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Premium Audits And Short Rate Penalty – continued

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Premium Audits And The Short Rate Penalty

In my last post, I covered the predicament some employers can be in when they want to switch insurance companies due to their premium audit sticker shock. The main consideration is the short rate penalty. The premium audit has just been completed so your company is very early into your next policy.

Picture Of Stack Of Coins Short Rate Penalty With A Hand Holding Magnifying Glass
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Your company is going to receive a very heavy financial penalty even though you may have no claims. That is due to the sometimes nasty Incurred But Not Reported (IBNR). The insurance carrier is basically saying there is a risk that even though claims were not reported during the short rate policy, your employees may have unreported injuries. It is a common term.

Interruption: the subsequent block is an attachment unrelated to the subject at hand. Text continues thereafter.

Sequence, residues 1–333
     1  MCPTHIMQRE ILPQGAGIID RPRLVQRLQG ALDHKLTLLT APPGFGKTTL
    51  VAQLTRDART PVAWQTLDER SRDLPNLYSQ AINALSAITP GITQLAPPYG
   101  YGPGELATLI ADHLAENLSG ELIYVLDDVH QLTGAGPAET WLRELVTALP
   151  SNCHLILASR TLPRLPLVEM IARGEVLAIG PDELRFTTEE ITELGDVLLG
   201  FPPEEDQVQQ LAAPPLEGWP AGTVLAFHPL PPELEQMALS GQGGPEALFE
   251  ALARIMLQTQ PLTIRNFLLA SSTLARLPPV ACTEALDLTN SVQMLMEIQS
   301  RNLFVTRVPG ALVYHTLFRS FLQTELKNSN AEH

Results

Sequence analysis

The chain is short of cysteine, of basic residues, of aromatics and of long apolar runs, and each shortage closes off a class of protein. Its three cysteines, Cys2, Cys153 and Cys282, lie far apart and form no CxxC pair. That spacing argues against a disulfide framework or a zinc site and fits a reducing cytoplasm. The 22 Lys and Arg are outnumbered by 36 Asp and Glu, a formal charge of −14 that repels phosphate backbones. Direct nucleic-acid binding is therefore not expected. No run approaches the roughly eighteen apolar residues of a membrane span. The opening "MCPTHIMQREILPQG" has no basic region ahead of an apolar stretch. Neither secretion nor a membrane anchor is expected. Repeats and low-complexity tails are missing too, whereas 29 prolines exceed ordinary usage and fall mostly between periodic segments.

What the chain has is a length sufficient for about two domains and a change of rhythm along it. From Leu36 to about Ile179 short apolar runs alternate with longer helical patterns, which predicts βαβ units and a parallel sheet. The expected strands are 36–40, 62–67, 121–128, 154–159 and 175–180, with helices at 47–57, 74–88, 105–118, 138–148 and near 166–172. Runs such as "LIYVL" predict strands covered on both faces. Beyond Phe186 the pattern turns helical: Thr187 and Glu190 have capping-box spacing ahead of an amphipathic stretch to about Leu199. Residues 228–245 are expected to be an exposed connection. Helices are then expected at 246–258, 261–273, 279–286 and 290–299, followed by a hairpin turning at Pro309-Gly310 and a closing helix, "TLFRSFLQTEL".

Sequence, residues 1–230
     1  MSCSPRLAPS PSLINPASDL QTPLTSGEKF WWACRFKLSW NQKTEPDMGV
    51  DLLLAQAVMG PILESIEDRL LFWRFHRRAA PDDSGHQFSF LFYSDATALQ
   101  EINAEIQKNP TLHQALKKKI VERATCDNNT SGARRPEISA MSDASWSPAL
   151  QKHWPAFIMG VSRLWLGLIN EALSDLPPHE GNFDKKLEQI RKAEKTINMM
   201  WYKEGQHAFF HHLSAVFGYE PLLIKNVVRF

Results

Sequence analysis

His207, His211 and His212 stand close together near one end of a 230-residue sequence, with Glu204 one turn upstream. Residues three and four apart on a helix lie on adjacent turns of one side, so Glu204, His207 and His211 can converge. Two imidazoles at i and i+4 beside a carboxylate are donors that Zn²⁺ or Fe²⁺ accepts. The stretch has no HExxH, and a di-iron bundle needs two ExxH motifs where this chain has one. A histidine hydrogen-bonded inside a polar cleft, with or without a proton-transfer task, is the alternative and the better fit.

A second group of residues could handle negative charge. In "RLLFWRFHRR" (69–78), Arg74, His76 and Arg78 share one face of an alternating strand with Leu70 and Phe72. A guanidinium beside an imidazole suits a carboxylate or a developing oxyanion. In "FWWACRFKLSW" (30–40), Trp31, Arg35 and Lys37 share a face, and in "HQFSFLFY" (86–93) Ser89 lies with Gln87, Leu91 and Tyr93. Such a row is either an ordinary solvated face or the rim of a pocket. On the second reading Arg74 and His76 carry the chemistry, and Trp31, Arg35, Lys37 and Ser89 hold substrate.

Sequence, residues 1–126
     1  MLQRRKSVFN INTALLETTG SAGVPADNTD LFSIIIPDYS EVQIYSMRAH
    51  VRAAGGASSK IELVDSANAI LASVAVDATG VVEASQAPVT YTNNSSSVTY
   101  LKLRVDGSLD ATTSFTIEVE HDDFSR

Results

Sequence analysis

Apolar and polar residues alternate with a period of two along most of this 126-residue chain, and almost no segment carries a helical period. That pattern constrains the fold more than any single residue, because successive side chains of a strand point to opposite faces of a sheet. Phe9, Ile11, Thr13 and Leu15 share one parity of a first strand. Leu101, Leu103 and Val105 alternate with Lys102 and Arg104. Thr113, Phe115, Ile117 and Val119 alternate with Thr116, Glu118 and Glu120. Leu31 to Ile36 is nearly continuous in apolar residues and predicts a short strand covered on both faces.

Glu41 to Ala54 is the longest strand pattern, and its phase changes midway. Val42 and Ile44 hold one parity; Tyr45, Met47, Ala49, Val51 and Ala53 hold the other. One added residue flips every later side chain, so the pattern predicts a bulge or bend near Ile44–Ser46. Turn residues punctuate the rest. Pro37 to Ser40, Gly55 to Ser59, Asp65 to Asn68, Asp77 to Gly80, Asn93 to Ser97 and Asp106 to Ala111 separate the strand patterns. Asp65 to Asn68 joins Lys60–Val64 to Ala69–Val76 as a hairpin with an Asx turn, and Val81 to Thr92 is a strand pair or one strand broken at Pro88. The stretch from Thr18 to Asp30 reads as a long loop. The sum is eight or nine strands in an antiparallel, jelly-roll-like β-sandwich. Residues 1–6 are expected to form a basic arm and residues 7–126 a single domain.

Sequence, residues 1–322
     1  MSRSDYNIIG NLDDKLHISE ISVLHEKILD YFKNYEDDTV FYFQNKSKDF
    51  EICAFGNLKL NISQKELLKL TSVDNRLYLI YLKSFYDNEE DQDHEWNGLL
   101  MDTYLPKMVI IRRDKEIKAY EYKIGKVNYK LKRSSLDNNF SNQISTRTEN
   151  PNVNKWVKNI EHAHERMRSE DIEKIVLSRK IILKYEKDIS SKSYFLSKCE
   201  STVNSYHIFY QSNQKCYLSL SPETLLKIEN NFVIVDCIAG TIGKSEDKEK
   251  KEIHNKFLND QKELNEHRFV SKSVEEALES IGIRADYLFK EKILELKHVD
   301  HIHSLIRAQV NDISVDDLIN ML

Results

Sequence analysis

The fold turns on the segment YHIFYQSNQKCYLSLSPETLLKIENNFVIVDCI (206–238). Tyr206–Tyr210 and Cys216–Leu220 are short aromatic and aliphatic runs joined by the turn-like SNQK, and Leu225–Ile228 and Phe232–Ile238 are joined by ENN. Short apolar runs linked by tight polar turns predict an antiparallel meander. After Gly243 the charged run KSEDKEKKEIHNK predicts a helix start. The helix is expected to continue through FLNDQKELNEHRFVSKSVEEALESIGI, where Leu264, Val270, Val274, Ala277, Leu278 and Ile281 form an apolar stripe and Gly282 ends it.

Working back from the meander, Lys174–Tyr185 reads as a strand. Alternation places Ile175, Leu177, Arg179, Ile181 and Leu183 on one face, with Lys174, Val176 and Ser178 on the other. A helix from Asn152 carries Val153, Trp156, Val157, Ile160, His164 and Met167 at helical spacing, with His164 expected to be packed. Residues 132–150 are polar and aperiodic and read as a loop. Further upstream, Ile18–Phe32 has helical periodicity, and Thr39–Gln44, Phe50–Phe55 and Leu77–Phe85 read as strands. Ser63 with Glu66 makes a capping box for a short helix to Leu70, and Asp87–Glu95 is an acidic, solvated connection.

What is your plan of action if your company is in this “back against the wall” situation? You have seven choices. You can :

  • Dispute the audit, if there is a good reason. You may have to call in an audit expert – yes, that was a shameless plug for J&L
  • Take the new policy on the chin and wait until the end of the new policy period to switch. The caveat here is you are going to be hit with another audit.
  • Calculate the short rate penalty to see how much it will cost your company to switch and pony up the funds. It is not a simple calculation. We do them occasionally. The short penalty tapers off later into the policy.

    Picture Of Businessman Calculating short rate penalty Premium Audit
    (c) 123rf.com
  • Calculate the short rate penalty further into the policy to see if there is a better time to switch. However, you have to the extra premium while you wait and then pay the penalty. This may not make good financial sense. Attempting to game the system will always end up costing more unless you know what you are doing.